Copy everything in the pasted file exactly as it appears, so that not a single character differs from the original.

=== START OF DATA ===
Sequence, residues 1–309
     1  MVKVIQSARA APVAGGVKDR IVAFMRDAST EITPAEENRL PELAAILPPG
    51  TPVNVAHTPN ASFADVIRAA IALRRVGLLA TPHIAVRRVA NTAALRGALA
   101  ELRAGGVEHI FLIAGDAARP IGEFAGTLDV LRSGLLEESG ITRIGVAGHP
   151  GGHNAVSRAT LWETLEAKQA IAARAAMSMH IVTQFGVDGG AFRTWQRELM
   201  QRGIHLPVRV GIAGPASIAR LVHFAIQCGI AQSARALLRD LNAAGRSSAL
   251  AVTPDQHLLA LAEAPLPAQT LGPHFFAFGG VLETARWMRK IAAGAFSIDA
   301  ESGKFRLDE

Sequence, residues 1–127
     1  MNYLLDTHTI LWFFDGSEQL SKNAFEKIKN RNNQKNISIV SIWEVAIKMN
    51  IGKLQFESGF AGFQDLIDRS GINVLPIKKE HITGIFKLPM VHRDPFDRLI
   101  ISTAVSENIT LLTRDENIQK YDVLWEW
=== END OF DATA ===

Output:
Sequence, residues 1–309
     1  MVKVIQSARA APVAGGVKDR IVAFMRDAST EITPAEENRL PELAAILPPG
    51  TPVNVAHTPN ASFADVIRAA IALRRVGLLA TPHIAVRRVA NTAALRGALA
   101  ELRAGGVEHI FLIAGDAARP IGEFAGTLDV LRSGLLEESG ITRIGVAGHP
   151  GGHNAVSRAT LWETLEAKQA IAARAAMSMH IVTQFGVDGG AFRTWQRELM
   201  QRGIHLPVRV GIAGPASIAR LVHFAIQCGI AQSARALLRD LNAAGRSSAL
   251  AVTPDQHLLA LAEAPLPAQT LGPHFFAFGG VLETARWMRK IAAGAFSIDA
   301  ESGKFRLDE

Sequence, residues 1–127
     1  MNYLLDTHTI LWFFDGSEQL SKNAFEKIKN RNNQKNISIV SIWEVAIKMN
    51  IGKLQFESGF AGFQDLIDRS GINVLPIKKE HITGIFKLPM VHRDPFDRLI
   101  ISTAVSENIT LLTRDENIQK YDVLWEW